Fiction — print. Translated from the Greek by E.V. Rieu. Penguin Books, 1964. Originally published 800 BC. 365 pgs. Purchased.
The first time I read Homer’s epic was in high school. I remember this less because of the content of the story and more because – Holy Batman! – my classmates and I were terrible at keeping a straight face during my teacher’s dramatic reading, particularly during the final scene. I wanted to reread The Odyssey after reading a retelling of the story from Penelope’s point of view earlier this year.
The story, which is attributed to the poet Homer, recounts Odysseus’ return to Ithaca after the Trojan War. Championed by Athene but hated by the sea-god Poseidon, Odysseus encounters the ferocious Cyclops, escapes Scylla and Charybdis and yields temporarily to the lures of Circe and Calypso before he arrives home in Ithaca. Of course, he’s been long believed to be dead, and he must overcome the trials (read: wife’s suitors) awaiting him in Ithaca.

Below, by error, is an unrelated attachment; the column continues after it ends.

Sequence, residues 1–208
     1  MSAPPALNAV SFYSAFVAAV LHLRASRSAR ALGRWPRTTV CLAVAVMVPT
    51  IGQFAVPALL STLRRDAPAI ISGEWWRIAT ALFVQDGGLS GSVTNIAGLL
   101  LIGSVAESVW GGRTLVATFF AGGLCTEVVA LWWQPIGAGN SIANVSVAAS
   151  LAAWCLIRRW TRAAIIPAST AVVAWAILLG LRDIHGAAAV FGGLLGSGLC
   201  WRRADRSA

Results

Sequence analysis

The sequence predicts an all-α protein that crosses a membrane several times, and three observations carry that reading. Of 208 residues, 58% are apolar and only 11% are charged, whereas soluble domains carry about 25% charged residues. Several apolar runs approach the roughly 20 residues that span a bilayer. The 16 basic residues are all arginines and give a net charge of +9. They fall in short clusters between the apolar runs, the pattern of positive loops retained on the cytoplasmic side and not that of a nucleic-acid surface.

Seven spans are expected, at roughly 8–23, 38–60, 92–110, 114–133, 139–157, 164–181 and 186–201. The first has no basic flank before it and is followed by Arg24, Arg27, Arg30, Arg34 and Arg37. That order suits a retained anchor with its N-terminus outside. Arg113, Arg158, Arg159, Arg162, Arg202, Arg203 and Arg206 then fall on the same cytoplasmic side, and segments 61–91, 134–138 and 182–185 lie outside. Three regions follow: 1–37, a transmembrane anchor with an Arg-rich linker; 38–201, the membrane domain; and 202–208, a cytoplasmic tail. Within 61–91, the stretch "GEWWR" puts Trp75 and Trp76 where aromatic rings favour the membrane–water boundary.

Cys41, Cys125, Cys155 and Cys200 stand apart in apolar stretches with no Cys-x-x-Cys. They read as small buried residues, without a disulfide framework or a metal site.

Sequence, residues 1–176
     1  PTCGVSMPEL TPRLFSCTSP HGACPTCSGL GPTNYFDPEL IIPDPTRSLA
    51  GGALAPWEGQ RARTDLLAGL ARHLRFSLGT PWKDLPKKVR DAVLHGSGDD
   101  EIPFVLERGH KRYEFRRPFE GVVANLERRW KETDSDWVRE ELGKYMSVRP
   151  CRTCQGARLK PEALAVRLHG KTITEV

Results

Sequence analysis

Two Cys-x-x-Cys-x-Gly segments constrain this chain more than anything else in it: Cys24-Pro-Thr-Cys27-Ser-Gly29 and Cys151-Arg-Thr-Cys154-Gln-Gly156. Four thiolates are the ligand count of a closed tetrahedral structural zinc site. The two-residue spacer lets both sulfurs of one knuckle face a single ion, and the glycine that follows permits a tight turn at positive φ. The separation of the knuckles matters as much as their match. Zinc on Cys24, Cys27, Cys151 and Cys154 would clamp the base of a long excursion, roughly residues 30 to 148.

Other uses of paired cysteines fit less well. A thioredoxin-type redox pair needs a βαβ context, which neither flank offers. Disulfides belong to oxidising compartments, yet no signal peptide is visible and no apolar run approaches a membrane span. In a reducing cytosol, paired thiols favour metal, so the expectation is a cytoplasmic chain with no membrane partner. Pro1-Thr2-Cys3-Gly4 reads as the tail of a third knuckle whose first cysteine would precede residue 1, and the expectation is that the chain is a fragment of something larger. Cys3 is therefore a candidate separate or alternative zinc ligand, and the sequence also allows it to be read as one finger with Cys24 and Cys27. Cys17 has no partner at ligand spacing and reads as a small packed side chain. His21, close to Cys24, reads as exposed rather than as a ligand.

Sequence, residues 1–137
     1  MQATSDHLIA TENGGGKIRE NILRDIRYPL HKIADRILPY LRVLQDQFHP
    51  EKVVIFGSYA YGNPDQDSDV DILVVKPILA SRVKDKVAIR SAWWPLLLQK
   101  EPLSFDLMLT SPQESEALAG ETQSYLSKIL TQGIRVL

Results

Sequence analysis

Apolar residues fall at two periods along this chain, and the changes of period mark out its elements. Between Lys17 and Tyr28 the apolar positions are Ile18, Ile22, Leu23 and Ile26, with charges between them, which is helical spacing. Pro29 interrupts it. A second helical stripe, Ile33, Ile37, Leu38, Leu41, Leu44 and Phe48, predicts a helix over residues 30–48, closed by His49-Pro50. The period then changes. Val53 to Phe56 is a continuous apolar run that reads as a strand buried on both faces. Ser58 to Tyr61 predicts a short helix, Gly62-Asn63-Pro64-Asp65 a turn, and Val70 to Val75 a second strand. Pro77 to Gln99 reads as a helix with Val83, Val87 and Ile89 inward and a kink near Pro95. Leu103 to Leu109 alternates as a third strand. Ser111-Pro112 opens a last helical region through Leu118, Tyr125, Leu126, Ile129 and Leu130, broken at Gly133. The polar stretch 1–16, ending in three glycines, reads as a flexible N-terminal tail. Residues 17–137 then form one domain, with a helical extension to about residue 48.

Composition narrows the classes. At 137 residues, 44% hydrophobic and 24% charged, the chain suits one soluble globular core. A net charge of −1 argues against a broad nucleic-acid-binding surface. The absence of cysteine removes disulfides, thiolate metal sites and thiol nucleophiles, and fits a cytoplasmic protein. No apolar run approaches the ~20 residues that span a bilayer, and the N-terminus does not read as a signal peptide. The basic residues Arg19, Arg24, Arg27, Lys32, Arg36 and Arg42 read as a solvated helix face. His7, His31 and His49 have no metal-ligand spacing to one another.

My classmates and I should not have mocked my teacher’s reading. It was much easier to understand this story when she read it rather than this time when I read a printed copy on my own. It could be because of the translation by E.V. Rieu, but I really have no way of ascertaining if this is in fact the case since I do not know what translation my teacher read from.
Some of the sections were interesting than others – The Cyclops, The Battle in the Hall – and others felt repetitive where men make one stupid mistake after the next. And, honestly, the most interesting aspect of this whole tale for me was the interference of the gods and goddesses in the affairs of humans. As though messing with Odyssey was only a game to Athene and Poseidon. The book makes me want to brush up on my Greek mythology, something I haven’t studied since sixth grade.
(Note: The book cover at right is an edition published by Penguin Classics in 2003. My edition was published in 1964. I was unable to find a copy of the cover online.)